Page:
Air Travel: Are We Safe?

I recently appeared on the local television news to discuss my opinion of the new screening techniques being used by the TSA at airports.  The new screening includes full body pat downs and/or full body scans.  Although I tend not to believe everything that comes from Homeland Security, Janet Napolitano has said the scans do not emit too enough radiation to be of concern.  Of course it will be years before we know the full effects on our health related to these machines.  However given the choice, I would opt for the scan as opposed to what happened to me back in January of this year.

On January 1, 2010, I was traveling back to the United States from Canada after spending the holidays with family.  I was traveling with my two young children, five and nine years old at the time, and my dog.  When we arrived at the airport, it was chaos.  Wheeled computer bags and backpacks were all being checked and couldn’t be carried on the flight.  Customer service representatives couldn’t seem to agree on what size backpack could go with the passenger and which had to be checked.  After we went through screening, we started to head to our gate, when we came up to a second screening.  During this screening, my bags which had just gone through the X-ray machine were searched and a full body pat down was done on me and my two children.  To see someone’s hands on my children was devastating.  This secondary screening was in response to the Christmas Day incident where someone had tried to detonate a bomb on an airplane.  By the time my family came to visit a few weeks later, the secondary screening (pat down) had already been discontinued.  I have to guess this additional scanning was a smoke and mirrors type thing to make the traveling public feel safer.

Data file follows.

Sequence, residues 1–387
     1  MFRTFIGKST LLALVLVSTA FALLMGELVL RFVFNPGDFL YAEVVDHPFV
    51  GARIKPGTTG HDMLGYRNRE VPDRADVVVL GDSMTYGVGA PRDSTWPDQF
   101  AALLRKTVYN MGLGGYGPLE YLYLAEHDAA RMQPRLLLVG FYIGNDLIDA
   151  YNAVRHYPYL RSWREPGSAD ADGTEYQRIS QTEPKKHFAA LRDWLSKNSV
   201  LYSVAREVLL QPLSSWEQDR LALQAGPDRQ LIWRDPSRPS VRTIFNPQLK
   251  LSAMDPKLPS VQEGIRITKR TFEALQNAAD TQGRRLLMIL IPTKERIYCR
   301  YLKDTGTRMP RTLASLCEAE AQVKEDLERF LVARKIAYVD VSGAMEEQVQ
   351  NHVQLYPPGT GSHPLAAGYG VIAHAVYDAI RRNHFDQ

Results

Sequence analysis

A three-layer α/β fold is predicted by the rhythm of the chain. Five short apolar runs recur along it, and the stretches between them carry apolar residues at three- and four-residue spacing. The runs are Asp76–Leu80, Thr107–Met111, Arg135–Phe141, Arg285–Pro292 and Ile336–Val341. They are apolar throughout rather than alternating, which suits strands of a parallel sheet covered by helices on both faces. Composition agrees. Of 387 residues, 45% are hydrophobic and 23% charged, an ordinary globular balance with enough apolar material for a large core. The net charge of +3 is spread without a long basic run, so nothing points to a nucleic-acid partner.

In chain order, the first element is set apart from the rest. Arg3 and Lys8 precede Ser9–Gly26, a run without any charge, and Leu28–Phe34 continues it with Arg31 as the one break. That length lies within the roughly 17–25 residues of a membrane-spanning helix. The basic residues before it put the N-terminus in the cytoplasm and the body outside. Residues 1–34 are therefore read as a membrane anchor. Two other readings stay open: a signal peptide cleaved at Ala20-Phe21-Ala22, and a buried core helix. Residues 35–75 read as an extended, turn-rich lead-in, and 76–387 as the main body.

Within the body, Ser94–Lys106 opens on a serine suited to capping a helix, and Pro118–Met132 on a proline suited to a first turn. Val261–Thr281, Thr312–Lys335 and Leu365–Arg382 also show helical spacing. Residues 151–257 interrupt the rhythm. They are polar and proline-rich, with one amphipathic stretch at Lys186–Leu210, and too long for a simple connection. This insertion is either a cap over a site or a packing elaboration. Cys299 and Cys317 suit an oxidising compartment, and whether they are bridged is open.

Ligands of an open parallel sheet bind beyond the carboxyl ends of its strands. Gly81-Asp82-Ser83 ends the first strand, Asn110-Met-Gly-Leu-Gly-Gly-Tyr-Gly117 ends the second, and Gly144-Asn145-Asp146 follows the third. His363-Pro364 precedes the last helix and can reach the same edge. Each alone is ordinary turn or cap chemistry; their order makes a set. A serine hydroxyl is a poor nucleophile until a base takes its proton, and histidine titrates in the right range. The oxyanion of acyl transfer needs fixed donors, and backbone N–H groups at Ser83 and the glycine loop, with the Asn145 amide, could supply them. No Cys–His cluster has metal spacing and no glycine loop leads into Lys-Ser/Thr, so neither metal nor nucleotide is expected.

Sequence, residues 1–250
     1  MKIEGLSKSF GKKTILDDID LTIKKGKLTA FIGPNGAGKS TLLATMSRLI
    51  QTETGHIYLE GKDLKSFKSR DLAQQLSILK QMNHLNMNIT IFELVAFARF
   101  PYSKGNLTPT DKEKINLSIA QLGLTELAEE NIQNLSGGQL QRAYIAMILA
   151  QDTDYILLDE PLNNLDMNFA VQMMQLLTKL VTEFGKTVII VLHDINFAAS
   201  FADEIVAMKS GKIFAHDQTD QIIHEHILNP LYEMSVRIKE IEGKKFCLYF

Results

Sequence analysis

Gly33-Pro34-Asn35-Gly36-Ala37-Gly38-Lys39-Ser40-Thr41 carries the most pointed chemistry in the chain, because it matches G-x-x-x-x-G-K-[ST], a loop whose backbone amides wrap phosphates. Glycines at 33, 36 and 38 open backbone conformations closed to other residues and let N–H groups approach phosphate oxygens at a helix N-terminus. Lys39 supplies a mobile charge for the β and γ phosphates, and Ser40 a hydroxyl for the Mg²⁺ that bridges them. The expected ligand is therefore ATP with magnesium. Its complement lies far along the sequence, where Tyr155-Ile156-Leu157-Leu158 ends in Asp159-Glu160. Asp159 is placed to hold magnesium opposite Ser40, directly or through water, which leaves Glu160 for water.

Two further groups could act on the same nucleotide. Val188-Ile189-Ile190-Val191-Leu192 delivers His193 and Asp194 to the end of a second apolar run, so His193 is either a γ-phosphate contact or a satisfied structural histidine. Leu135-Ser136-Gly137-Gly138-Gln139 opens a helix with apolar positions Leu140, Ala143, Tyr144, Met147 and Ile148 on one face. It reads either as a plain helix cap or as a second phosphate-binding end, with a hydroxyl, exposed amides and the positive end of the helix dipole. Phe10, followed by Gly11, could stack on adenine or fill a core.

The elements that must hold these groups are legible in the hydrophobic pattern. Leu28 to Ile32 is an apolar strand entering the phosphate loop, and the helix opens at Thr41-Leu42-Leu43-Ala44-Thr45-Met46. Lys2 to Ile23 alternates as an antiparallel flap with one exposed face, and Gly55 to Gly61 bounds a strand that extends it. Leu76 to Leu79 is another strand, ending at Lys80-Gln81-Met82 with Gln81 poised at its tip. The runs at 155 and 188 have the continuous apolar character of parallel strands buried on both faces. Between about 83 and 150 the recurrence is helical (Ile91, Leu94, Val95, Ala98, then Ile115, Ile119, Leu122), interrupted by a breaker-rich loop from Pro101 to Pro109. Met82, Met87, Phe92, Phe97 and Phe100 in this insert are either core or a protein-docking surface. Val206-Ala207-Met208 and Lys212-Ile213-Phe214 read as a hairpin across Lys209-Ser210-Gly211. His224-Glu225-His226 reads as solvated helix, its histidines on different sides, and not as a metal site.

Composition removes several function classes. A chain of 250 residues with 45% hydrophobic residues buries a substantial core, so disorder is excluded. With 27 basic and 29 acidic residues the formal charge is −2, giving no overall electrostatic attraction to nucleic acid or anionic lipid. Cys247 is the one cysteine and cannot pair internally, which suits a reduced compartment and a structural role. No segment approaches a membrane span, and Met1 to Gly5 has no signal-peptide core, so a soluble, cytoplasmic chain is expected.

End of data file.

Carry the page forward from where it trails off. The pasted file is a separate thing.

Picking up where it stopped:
Well I for one, feel less safe.  If you have no idea the type of individuals you need to be concerned with, and are patting down a mom and her two kids, someone is not doing their job.  My passport is supposed to show everywhere I have traveled to.  I have a Canadian passport, my children have American passports and we haven’t been to the Middle East.  Imagine if all law enforcement was conducted this way.  Instead of trying to identify a suspect, everyone, despite age, gender and ethnicity without motive, means or opportunity would be treated like criminals.

I wrote to Ms. Napolitano after this incident, and I received a letter from her office explaining that everyone, including infants needed to be screened and that the TSOs that patted down my children were specially trained.  Hmmm…I wonder where they were able to find a crack team of specially trained TSOs during a holiday week… The public was recently made aware of the fact that only 20% of cargo was being screened for explosives.  Why only 20%?  So instead of disregarding an individuals’ right to not be touched in that manner, the government should do their job and figure out ways to stay ahead of the threats.  Be proactive, instead of reactive.  Only then will we really be safe.

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